Bournemouth WW1 Commemoration poems

Bournemouth First World War Centenary Commemoration poems

Flanders-poppies-for commercial use

 

As part of the Bournemouth First World War commemorations, you are invited to write your own poems on the theme of War and Peace.
There are two categories: 1) poems specifically about the First World War,  2) poems on war and peace in general, including other wars, current wars, protest poems etc.
When you’ve got your poem ready, pop it into the comment box below, click ‘post comment’, and I’ll arrange for it to be posted. Happy writing!

36 Comments

  1. Jenny

    February 18, 2014 at 12:44 pm

    Silent Voices

    Don’t ask my child, I will not tell
    about the four years spent in hell.
    I cannot voice the words to share
    of all that we encountered there,
    and surely you should never know
    the price we paid to vanquish foe.
    All Mother’s sons, the same as we,
    yet fodder for our Victory!

    So many words already said
    about the armies of the dead.
    So many pictures of young faces
    left to lie in unknown places.
    If I’m to honour their defiance
    I’ll keep faith with them in silence.
    Not speak the lie ‘For Freedoms Cause’,
    And myth of ‘War to End All Wars’!

    Don’t ask my child, I will not tell
    of my descent into this hell.
    Of reasons why you now will find
    me locked away, of shattered mind.
    A place for keeping out of sight
    we men who lost the mental fight,
    who now bring only fear and shame
    to those who follow in our name.

    Who wants to hear about the mad?
    Why can we not forget? Be glad
    we lived, unlike the thousands more
    that gave their lives on foreign shore.
    There’s no way out for the insane,
    for forty tortured years remain.
    Not speak the lie ‘For Freedoms Cause’
    And myth of ‘War to End All Wars!’

    Dedicated to my Grandfathers
    Private Harry H. Troke – Veteran of India Campaign, Boer War & WW1
    Private Joseph Patrick Hartley – Resident of Prestwich Asylum 1920 – 1962

    © Jenny Young 2014

  2. Paul

    February 20, 2014 at 9:09 am

    Flanders Town

    Wet night in Flanders town;
    light snipes through hotel shutters
    striking stained rims of plastic cups,
    spent shrapnel in fetid gutter.

    Shivering pigeon shelters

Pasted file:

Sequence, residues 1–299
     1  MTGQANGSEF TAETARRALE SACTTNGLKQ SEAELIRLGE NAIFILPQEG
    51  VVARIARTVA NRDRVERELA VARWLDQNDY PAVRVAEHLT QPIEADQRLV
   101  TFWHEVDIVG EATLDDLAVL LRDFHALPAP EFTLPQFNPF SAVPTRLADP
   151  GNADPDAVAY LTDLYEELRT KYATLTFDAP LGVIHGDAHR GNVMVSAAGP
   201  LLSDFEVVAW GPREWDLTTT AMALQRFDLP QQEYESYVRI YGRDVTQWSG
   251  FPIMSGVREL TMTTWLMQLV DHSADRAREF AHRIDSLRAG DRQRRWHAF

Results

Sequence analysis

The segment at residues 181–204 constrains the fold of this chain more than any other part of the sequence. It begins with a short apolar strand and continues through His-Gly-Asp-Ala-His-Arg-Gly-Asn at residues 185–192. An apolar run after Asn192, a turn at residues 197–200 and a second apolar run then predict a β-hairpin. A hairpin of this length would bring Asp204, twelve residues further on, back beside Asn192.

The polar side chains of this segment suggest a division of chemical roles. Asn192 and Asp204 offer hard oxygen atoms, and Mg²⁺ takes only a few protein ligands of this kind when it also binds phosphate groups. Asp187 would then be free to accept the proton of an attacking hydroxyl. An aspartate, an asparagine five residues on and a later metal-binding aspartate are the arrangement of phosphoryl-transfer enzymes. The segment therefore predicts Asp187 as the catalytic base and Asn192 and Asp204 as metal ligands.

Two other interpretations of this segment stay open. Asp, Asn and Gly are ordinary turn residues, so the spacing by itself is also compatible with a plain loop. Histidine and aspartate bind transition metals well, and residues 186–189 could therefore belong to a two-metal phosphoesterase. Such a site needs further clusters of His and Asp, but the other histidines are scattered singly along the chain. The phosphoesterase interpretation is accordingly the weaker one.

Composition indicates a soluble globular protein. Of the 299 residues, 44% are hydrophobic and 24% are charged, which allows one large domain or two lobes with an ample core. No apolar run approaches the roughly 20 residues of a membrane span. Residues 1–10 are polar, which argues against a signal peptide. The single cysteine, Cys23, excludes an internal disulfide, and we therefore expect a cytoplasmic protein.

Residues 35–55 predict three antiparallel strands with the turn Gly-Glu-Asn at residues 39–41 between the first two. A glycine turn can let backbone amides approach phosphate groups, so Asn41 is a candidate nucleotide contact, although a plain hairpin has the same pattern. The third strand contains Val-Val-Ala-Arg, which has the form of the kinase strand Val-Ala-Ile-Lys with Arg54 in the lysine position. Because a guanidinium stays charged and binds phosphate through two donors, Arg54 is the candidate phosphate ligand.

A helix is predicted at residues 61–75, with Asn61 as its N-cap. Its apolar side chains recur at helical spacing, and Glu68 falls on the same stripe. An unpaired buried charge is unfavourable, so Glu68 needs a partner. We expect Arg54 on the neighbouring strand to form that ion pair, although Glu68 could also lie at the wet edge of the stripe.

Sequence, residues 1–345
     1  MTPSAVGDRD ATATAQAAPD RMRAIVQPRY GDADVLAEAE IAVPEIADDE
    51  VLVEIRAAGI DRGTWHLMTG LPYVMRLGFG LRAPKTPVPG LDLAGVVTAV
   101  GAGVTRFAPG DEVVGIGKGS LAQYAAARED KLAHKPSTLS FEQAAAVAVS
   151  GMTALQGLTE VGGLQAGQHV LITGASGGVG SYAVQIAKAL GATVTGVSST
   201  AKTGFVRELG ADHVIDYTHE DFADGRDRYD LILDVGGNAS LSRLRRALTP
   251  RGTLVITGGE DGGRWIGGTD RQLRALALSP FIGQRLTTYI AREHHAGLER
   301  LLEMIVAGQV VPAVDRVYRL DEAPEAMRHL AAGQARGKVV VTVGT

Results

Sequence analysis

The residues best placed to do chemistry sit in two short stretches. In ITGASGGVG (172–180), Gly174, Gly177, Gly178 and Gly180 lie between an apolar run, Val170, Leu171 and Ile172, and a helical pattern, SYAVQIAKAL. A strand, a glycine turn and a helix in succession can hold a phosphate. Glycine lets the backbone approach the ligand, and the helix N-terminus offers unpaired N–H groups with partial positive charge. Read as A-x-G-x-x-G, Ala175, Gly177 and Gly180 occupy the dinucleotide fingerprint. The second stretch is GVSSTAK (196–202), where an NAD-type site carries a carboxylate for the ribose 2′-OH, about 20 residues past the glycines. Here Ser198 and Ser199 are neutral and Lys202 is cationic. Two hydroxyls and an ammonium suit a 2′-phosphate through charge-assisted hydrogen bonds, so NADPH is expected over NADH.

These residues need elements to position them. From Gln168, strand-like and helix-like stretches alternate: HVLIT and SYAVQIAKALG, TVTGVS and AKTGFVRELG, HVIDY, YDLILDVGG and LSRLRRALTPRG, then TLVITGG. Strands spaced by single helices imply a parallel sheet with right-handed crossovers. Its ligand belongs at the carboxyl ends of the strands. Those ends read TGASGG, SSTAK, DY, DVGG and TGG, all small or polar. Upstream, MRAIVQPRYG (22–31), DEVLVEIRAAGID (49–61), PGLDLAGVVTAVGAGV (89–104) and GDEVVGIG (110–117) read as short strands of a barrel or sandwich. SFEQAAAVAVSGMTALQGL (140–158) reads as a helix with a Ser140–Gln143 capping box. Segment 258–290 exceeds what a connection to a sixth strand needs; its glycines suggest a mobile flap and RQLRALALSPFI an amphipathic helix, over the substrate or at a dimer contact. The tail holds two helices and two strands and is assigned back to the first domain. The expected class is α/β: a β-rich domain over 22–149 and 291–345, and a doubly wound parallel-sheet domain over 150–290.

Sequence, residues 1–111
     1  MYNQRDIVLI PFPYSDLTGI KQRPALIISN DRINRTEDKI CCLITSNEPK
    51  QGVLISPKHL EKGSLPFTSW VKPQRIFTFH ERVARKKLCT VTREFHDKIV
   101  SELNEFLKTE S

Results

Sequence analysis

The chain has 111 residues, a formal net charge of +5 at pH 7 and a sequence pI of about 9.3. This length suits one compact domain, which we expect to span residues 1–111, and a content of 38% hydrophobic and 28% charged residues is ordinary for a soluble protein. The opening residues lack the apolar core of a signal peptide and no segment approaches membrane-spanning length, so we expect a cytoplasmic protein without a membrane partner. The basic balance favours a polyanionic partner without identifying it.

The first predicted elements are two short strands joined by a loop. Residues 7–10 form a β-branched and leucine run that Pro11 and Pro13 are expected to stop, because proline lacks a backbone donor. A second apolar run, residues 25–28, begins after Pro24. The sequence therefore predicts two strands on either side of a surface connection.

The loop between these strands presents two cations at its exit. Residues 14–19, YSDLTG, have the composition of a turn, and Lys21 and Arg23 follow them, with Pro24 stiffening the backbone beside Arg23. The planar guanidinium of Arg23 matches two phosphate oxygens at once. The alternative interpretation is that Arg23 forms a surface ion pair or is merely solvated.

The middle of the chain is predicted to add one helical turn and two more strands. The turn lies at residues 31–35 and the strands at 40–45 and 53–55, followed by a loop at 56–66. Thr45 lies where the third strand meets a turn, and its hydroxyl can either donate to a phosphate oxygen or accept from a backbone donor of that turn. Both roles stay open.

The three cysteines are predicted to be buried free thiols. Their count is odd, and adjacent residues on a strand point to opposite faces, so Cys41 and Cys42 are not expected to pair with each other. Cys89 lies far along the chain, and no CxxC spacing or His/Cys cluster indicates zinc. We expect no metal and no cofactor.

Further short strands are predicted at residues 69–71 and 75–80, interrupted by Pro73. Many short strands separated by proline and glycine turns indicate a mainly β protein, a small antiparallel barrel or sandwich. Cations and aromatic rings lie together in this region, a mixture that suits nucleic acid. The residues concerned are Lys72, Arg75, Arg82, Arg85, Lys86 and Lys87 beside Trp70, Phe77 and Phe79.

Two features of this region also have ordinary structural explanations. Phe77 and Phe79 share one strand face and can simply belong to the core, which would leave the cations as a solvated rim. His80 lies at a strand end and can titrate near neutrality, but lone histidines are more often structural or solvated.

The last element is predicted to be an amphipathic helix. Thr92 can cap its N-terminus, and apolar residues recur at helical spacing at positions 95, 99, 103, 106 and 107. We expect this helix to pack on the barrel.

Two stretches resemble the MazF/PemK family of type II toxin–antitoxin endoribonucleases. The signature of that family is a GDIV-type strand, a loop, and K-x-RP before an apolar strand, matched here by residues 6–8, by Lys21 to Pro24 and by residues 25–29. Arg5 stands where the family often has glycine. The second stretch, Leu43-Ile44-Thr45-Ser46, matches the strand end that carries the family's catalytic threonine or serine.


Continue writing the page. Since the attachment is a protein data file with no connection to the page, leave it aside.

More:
beneath cape of sculpted warrior,
    captured in bronze,
    frozen forever young.

    Paul Canon Harris
    Boscombe, February 2014

  3. Janet

    February 20, 2014 at 5:21 pm

    Mud and Blood

    Digging in, rats run in mud and blood
    Tired of the cracking sound
    Shouts, screams and moans
    Bodies lay, parts shot off
    Barely recognisable now as friendships rot
    Remembered by your cannon fodder name and number
    A mother’s son
    Once walked the streets of home
    In a foreign field
    Where nothing bears resemblance

    Digging in done,
    My moment to reflect
    Drift back,
    Whilst shots ring out above my head
    My purpose?
    Lost in the mud and the blood
    I write my few words home
    My last farewell,
    If God’s will chooses me
    Mother!
    What words could express my last?
    Love of my land, my King, my country,
    My Mother I give you my all

    That which brought me here
    Where Devils lurk behind each line
    Taunting to provoke an enemy
    Can I kill you as you would me?
    Frightened eyes all around
    Bayonets fixed we charge
    Comrades fall in mud and blood
    Many shouts and screams and moans
    Please God take me home

    White stones inscribed my number, my name
    A foreign field where I still lay
    My life blood mixed with the mud
    Where the poppies grow
    100 years of generations
    Lost children that will never be
    I never knew
    Will you mourn for me as I mourn for you?
    Proud as my mother of me as her tears flowed
    My love of my land, my King, My country
    Freedom, I leave to you

    Janet S. Rogers

  4. Robert

    February 20, 2014 at 9:12 pm

    A Glosse of Silence

    Our fine men, our brave, strong, young men:
    Our glowing red, shouting, brawny men.
    Slowly, inch by inch, they have gone down into it,
    Into its darkness, its thickness, its silence.
    (From ‘The Song of the Mud’ by Mary Borden)

    They hide in the sanity of the silence
    That the insanity they witness and
    Are conscripted into forbids them;
    Our fine men, our brave, strong, young men.

    They shun the white feathers on offer from
    Others who will never know the assault on
    The senses of a night coloured by explosive fire light;
    Our glowing red, shouting, brawny men.

    Men of breeding echo the stutter and stammer
    Of the chatter of the Maxim and Lewis.
    For the ranks it is the frozen scream in the larynx.